Statements and Speeches
Statement by Mr. Mahlatse Mminele, Deputy Permanent Representative of the Republic of South Africa to the United Nations, in the UN Security Council Open Debate On Women, Peace and Security
25 October 2016
My delegation wishes to express our appreciation to the Secretary-General for his statement as well as the valued contributions that were made by Ms. Phumzile Mlambo-Ngcuka, Executive Director of UN Women.
The adoption of United Nations Security Council resolution 1325 on 31 October 2000 remains a significant milestone in the progression for women’ rights and equality the world over, for the first time giving women a significant and necessary voice in the field of peace and security.
South Africa strongly believes in the involvement in, and empowerment of women in all aspects of peace, security and development. This is robustly reflected by the fact that democratic South Africa has one of the largest contingent of women peacekeepers deployed throughout the African continent, with 270 soldiers and 12 policewomen deployed in various peace missions. The contribution of women to peacekeeping and peace-making efforts is recognized as a contributing factor to the effectiveness and long-term success of United Nations deployments.
Recognizing the importance that woman play within the context of peace operations, serves as a strong incentive in building the capacity of women within the peacekeeping landscape. This also contributes to the accessibility and credibility of UN deployments in local communities. In this regard, South Africa has been developing the necessary training programs to equip our peacekeepers to deal with the unique circumstances that that may develop during a peace operation.
The South African government, in partnership with UN Women, undertook in 2015 a training course tailored for female military officers stationed at the South African Army School’s Peace Mission Training Centre in Pretoria. A second training course, co-facilitated between South Africa and Kenya, will take place in Kenya in November this year. The South African Department of International Relations and Cooperation, in collaboration with the Government of Norway has established an initiative to train and create a network of mediators with the ultimate objective of broadening the inclusion of women mediation efforts throughout the world. UN Women and the UN Department of Political Affairs have also participated in this training while the African Union has also included the training programme in its work.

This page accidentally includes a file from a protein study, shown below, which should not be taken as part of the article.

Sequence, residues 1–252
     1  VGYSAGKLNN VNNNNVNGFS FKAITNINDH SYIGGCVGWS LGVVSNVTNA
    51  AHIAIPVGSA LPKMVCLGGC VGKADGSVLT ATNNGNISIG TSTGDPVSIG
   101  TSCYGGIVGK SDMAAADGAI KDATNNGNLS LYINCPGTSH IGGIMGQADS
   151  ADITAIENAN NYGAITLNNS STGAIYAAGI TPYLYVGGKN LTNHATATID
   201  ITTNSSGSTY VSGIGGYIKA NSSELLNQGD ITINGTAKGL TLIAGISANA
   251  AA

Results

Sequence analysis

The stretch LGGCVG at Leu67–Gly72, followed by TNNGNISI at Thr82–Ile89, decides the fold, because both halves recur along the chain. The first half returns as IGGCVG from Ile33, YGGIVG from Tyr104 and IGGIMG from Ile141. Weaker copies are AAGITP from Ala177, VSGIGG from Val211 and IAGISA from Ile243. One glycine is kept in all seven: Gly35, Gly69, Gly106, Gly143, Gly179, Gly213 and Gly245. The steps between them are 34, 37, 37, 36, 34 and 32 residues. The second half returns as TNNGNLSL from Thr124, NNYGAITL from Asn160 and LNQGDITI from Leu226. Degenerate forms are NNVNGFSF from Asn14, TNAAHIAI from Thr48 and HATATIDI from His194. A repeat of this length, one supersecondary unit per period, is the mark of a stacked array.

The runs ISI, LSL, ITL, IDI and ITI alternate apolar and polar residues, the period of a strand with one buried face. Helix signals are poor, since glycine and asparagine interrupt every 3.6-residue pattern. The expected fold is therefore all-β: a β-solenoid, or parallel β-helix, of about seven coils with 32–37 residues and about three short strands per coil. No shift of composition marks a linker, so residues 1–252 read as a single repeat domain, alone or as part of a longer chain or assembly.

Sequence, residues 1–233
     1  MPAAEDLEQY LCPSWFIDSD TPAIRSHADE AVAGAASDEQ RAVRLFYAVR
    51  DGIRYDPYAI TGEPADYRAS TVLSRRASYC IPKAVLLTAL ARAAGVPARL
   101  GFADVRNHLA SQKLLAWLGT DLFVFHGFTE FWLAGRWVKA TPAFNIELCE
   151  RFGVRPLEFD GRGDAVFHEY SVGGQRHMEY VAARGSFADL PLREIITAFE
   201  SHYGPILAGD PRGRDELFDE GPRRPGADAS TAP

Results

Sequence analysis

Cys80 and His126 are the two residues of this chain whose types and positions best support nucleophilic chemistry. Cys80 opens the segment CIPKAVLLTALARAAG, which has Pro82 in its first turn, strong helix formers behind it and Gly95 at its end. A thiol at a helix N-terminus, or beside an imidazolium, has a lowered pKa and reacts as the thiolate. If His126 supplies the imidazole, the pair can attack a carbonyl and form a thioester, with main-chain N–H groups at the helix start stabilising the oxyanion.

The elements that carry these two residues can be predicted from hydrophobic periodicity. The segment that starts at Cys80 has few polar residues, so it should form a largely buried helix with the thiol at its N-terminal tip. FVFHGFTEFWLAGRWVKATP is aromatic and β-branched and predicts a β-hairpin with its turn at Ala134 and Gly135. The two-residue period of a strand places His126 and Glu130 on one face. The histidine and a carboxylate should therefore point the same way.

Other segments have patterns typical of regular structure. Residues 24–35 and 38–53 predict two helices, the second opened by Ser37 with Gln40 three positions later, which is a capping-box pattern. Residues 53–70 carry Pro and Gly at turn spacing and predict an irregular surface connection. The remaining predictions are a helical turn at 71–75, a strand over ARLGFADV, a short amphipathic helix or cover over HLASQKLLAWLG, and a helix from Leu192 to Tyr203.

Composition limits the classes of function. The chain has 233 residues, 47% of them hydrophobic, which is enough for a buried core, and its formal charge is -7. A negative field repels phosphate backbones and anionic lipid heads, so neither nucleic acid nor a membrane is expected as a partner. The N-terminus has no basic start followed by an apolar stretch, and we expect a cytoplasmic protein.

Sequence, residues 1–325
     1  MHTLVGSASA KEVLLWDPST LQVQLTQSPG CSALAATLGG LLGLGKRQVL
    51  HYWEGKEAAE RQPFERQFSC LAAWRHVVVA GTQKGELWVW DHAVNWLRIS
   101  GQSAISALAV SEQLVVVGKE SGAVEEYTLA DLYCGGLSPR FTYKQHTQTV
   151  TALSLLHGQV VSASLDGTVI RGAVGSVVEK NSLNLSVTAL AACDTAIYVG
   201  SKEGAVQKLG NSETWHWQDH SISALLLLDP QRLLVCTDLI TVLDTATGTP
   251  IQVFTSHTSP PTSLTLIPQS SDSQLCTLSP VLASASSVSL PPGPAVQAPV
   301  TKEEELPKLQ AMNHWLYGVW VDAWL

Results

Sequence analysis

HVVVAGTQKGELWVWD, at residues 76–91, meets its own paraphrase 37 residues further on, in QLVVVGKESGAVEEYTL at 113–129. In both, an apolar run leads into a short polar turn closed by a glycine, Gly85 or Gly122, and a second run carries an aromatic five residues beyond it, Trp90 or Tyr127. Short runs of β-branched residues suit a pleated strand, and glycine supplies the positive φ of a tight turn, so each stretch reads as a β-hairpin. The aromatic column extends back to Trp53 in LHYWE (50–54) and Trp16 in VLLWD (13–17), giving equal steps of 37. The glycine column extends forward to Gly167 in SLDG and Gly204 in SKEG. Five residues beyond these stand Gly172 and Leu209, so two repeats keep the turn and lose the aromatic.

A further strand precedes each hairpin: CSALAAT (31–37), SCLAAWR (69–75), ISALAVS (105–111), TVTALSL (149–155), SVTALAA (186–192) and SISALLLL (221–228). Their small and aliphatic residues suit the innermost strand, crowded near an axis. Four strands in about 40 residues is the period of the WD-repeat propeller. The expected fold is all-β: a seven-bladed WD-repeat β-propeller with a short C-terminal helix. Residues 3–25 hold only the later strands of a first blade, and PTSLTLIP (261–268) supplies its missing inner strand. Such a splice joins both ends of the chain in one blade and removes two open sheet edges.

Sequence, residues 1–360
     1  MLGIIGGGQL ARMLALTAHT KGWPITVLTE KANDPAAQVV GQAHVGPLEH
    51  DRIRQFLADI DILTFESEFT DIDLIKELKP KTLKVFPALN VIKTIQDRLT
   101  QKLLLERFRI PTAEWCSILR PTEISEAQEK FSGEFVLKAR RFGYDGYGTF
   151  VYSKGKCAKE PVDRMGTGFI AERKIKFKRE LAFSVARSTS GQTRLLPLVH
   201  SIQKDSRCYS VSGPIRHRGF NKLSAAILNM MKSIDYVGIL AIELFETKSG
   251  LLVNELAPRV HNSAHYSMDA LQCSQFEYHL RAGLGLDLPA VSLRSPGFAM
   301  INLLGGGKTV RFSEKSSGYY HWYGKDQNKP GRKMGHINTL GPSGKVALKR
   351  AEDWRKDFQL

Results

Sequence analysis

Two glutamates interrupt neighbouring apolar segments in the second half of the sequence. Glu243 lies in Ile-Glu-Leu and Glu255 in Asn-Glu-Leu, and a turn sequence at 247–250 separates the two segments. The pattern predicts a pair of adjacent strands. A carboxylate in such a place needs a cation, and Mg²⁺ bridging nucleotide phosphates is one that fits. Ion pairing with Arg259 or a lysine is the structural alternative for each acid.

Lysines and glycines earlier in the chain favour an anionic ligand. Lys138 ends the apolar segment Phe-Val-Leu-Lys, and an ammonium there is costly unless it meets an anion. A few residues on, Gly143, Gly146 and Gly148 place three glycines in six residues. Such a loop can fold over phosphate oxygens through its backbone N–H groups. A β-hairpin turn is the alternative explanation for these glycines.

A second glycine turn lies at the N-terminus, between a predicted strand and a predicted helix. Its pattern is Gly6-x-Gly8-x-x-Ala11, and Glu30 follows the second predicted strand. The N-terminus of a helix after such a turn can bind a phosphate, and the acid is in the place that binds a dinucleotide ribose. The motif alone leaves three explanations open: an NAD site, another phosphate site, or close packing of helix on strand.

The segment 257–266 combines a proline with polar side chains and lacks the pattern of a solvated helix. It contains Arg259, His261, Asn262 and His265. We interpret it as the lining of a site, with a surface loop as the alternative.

South Africa supports efforts towards mainstreaming the involvement of women in peace and security which can be achieved through further coordination and cooperation between the African Union and United Nations. This can assist in facilitating the formalization of training women mediators and to ensure the effective mainstreaming of women mediators in peace-building efforts of the UN. South Africa encourages the UN to develop a database of women mediators, which would ensure the meaningful participation of women in peace building delegations (including mediation teams). This is in addition to cooperation between Member States on training courses that will help build capacity amongst women in the various specialized areas within the Peace and Security environment.
South Africa reaffirms its strong commitment to the full and effective implementation of Security Council resolution 1325 (2000), and its subsequent resolutions, as groundbreaking commitments to the advancement of the women, peace and security agenda. Women and girls continue to be disproportionately affected by conflict situations, especially with regard to sexual abuse and violence. This reality underpins the principles of Resolution 1325, which addresses sexual violence in conflict – an integral part of the women, peace and security agenda.
We stress that Members States have a fundamental responsibility to prosecute the perpetrators responsible for human rights abuses, war crimes and crimes against humanity including those relating to sexual violence against women and girls.
My delegation wishes to emphasize our appreciation for the active role and full participation of the Executive Director for UN Woman and the Special Representative of the Secretary-General on sexual violence in conflict, in monitoring implementation of the resolution.
Security Council resolution 2242 (2015) provides further impetus to the mandate established by resolution 1325. Over the last year we have seen more engagement from the Council on matters related to women, peace and security, including through the work of the resolution 2242 Informal Experts Group on Women, Peace and Security. But, we believe more can be done to implement the recommendations of resolution 2242 including through interaction with women on the ground who are directly affected by conflict. The meeting held on the margins of UNGA71 co-hosted by UN Women and Norway which explored the impact of violent extremism on women and children, is notable in this regard.
South Africa looks forward to further cooperation and the sharing of experiences with Member States, as well as the UN Department of Political Affairs, UN Women and other partners which will enable greater incorporation of gender perspectives and the concerns of women towards enhancing the sustainability of peace and security in all conflict situations.
I thank you.